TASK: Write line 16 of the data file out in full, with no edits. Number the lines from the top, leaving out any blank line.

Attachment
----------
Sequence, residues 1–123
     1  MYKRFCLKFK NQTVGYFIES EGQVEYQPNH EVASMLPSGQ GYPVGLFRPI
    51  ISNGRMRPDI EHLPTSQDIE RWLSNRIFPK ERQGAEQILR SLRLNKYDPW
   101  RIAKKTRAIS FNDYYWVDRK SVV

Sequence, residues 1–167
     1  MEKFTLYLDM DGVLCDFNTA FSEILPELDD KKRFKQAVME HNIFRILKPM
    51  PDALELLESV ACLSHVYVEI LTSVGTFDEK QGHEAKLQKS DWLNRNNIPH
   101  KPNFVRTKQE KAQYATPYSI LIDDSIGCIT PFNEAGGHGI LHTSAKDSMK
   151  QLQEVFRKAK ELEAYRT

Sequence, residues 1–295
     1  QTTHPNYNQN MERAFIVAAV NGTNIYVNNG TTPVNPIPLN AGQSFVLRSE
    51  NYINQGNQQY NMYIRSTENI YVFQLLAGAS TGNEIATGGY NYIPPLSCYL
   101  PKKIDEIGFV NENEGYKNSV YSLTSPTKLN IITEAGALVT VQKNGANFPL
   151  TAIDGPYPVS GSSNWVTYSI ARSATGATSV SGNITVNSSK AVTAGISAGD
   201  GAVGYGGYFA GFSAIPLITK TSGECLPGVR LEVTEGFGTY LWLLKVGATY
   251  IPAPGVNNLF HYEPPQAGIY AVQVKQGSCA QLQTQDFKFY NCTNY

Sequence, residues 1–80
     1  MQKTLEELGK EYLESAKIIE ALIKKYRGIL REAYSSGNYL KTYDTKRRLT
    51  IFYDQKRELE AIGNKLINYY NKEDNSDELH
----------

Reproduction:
   251  IPAPGVNNLF HYEPPQAGIY AVQVKQGSCA QLQTQDFKFY NCTNY